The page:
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People v. Katzman

Court of Appeals of Michigan

October 3, 2019

PEOPLE OF THE STATE OF MICHIGAN, Plaintiff-Appellee,
v.
MARK STANFORD KATZMAN, Defendant-Appellant.

          No. 345173 Oakland Circuit Court LC No. 2017-263755-FH

          Before: Jansen, P.J., and Cameron and Tukel, JJ.

          JANSEN, P.J.

         Defendant, Mark Stanford Katzman, appeals as of right his June 7, 2018, bench trial convictions of two counts of delivery of less than 50 grams of cocaine, MCL 333.7401(2)(a)(iv). Defendant was sentenced on July 24, 2018, to three days' imprisonment and one year of probation for each conviction. We affirm.

         I. RELEVANT FACTUAL BACKGROUND

         This case arises from an undercover drug trafficking investigation conducted by Farmington Hills Police Sergeant Eric Buckberry. Through a confidential informant, Sergeant Buckberry and other police officers were introduced to Jessica Engisch. On multiple occasions, the officers purchased fentanyl and cocaine from Engisch. During these transactions, Engisch told the officers that she could get drugs such as cocaine, marijuana, and heroin from defendant. Ultimately, the police officers executed a search warrant on Engisch's motel room. The officers found cocaine, and seized Engisch's cell phone pursuant to the search warrant. The following day Sergeant Buckberry responded to a text message from defendant, as if he were Engisch, telling defendant that he could come to Engisch's motel room. When defendant arrived at Engisch's motel room, the police officers questioned him about his possible participation in a drug trafficking incident. Defendant admitted that he was at the motel to pick up his money from a cocaine sale the night before, as well as from another sale a few weeks before. Defendant was arrested, transported to Oakland County Jail, and charged with two counts of delivery of less than 50 grams of cocaine.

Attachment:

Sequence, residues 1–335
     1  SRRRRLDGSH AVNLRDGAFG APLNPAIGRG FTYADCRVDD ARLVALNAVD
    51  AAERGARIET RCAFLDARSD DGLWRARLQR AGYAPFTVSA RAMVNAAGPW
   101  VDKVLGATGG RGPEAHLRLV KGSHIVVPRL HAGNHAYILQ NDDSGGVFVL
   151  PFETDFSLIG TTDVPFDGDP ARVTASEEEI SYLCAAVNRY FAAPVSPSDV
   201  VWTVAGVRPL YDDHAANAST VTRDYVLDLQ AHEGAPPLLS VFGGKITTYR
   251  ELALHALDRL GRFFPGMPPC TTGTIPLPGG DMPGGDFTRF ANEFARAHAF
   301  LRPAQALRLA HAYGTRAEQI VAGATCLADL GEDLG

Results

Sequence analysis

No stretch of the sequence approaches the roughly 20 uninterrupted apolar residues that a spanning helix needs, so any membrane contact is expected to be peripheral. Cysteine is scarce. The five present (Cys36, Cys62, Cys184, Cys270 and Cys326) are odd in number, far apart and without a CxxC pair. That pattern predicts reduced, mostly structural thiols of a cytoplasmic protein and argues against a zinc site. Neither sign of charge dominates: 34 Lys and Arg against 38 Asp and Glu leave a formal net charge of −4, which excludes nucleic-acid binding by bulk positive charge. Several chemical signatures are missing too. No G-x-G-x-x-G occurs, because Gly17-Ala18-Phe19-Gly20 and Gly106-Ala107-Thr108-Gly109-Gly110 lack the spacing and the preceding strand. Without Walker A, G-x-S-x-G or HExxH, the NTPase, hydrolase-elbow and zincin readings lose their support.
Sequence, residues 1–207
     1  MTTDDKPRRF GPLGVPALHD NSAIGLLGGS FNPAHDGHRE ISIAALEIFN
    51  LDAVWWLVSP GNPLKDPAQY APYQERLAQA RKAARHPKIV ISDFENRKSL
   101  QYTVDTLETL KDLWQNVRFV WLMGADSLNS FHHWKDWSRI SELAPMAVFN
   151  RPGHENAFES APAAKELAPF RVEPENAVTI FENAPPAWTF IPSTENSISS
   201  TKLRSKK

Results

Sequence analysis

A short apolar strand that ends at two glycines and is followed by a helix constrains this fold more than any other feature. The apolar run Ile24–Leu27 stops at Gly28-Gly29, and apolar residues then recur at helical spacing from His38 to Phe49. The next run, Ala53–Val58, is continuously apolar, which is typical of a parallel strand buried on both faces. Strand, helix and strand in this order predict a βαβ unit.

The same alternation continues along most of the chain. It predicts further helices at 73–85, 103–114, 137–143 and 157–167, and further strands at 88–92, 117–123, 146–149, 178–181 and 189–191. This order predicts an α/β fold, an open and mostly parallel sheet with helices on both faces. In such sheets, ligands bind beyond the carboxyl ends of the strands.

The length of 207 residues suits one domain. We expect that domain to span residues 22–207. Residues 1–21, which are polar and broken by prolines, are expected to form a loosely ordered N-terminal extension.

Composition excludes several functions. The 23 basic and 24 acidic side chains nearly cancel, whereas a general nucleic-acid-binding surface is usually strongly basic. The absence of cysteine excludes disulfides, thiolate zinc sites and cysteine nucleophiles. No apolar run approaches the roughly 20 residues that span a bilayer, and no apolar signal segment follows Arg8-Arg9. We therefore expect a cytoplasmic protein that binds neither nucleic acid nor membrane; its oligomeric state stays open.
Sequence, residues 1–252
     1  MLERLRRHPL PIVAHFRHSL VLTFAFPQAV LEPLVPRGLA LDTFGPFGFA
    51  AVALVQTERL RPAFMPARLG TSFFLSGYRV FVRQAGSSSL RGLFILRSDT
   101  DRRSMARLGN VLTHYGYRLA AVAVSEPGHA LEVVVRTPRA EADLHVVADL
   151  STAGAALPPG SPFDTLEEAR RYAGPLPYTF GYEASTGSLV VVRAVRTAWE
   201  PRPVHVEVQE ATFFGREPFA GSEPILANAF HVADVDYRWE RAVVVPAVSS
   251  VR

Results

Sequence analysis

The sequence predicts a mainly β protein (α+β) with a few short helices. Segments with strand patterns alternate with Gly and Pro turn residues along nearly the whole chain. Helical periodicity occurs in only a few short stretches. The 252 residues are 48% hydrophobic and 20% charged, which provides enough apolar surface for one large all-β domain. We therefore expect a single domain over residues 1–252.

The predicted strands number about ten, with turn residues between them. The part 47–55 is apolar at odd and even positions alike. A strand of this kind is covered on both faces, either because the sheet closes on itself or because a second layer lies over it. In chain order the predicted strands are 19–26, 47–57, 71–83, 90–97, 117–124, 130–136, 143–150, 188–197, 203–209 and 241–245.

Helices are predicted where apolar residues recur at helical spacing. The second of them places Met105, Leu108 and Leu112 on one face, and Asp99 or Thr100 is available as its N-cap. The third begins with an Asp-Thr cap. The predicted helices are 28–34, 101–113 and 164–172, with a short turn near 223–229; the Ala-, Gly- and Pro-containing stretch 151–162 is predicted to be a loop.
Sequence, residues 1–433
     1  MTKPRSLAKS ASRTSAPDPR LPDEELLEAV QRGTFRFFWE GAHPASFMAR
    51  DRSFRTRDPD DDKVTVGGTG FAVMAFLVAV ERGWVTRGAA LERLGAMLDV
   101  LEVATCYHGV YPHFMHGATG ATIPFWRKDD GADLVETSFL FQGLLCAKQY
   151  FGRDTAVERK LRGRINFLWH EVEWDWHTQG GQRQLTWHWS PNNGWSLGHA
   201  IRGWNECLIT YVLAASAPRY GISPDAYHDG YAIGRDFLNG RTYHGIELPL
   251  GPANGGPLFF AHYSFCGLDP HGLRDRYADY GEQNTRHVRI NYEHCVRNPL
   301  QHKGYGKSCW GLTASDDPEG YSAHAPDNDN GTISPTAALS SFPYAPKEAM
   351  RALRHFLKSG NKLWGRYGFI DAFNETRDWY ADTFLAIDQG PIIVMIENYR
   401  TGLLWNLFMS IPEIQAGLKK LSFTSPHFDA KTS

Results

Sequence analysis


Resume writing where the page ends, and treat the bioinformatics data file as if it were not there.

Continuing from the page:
Defendant filed a motion with the trial court to suppress his statements made to police admitting that he sold cocaine to Engisch. Defendant argued that the statements should be suppressed because they were illegally obtained in violation of the U.S. Const, Ams, IV, V, and XIV and Const 1963, art 1, §§ 11, 17. Defendant contended that although the search warrant allowed the police officers to search Engisch's cell phone, it did not allow them to use it to send a "fraudulent message" to defendant. Defendant further asserted that he had a reasonable expectation of privacy in the text message exchange with Engisch, and the police trespassed on his personal effects by causing the text message to appear on his cell phone. The trial court denied defendant's motion to suppress, and this appeal followed.

         II. MOTION TO SUPPRESS STATEMENTS

         Defendant's argument on appeal relates to the trial court's denial of his motion to suppress his statements to police admitting that he sold cocaine. Defendant argues that the trial court incorrectly denied his motion to suppress evidence because the search warrant only allowed the police officers to search the cell phone, not use it. We disagree. This Court reviews a trial court's ruling at a suppression hearing de novo. People v Daoud, 462 Mich. 621, 629; 614 N.W.2d 152 (2000). This Court reviews the trial court's findings of fact for clear error. Id.